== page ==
“feared.” Better than “was afraid of” here because there is an element of holy awe with the fear. In Hebrew, the two most common words for “fear” are the noun yare (#03373 יָרֵא) and the verb form of the same word, yir’ah (#03374 יִרְאָה). In Greek, the common words for fear are the noun phobos (#5401 φόβος) from which we get the English word “phobia,” and the verb form of the same word, phobeō (#5399 φοβέω). Both the Hebrew and Greek words for “fear” have a large semantic range, a large range of meanings, that includes our English concepts of “terror, dread, fear, timidity, respect, reverence, and awe.” Herod was somewhat afraid of John, but at the same time was in awe of him.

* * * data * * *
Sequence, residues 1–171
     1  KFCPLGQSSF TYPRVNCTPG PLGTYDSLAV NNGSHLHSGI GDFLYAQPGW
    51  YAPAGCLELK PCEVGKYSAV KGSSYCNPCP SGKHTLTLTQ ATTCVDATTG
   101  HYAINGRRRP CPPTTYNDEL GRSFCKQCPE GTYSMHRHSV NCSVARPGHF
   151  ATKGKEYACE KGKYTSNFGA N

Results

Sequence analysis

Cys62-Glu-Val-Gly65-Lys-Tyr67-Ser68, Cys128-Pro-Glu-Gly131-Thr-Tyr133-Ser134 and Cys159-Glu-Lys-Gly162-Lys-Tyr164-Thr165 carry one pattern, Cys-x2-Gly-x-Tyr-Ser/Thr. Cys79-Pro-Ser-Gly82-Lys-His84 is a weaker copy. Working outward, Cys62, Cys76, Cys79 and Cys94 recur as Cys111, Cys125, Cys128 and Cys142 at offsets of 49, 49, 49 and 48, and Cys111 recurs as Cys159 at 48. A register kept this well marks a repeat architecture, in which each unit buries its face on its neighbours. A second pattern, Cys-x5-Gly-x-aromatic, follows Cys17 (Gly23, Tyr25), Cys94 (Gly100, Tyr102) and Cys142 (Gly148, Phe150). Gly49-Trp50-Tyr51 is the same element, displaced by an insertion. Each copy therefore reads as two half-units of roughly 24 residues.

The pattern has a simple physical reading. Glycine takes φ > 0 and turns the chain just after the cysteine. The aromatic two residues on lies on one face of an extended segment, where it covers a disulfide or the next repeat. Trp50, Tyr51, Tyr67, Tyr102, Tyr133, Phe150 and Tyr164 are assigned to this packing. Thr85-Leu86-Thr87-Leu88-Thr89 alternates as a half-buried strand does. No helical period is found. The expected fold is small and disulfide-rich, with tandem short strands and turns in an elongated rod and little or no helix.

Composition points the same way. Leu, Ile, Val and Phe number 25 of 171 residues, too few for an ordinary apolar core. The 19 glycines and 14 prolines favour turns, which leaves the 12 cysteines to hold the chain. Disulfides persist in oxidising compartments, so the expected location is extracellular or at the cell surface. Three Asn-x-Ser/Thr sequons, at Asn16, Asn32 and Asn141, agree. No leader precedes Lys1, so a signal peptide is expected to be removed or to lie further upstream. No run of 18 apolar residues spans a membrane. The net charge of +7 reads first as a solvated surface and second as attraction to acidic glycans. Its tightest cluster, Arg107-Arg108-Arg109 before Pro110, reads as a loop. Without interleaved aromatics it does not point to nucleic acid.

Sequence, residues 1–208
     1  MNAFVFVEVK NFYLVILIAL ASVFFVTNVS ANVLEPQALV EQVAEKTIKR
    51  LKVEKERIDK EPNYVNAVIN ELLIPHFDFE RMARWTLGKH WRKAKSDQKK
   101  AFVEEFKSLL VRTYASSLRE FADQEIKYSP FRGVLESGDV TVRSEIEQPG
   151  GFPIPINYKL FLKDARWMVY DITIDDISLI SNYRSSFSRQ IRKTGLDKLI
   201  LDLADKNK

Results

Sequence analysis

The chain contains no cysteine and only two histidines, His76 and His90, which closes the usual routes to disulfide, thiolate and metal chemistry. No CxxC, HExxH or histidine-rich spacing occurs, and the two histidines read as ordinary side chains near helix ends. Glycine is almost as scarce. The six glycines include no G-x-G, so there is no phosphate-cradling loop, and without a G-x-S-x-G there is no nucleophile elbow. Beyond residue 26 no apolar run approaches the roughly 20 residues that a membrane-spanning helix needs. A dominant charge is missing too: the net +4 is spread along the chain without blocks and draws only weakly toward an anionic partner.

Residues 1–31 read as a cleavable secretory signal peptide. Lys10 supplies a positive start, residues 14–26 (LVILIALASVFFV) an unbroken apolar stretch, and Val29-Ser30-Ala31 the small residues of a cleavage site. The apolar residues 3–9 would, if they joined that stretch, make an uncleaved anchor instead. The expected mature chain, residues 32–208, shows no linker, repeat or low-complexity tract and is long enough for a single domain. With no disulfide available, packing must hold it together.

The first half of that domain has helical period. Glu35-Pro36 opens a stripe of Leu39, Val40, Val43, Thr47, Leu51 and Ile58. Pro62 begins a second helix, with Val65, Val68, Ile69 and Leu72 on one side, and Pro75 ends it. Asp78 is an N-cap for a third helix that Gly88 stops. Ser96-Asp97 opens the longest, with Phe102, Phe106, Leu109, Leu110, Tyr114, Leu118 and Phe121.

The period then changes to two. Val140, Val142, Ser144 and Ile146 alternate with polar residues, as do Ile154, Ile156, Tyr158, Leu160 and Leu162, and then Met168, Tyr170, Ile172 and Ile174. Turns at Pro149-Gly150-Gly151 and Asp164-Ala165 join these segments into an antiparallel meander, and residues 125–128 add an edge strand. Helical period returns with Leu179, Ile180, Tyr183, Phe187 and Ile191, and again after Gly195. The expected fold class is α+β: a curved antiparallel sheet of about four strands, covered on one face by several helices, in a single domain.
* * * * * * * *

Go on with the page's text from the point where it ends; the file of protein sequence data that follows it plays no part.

“liked to listen to him.” The Greek we translate as “like to” is hēdeōs (#2234 ἡδέως; pronounced hay-de-ōs) and it means with pleasure, with delight, gladly. This shows that people can hear the Word of God taught and enjoy it, but not have it change their lives (see commentary on Mark 12:37).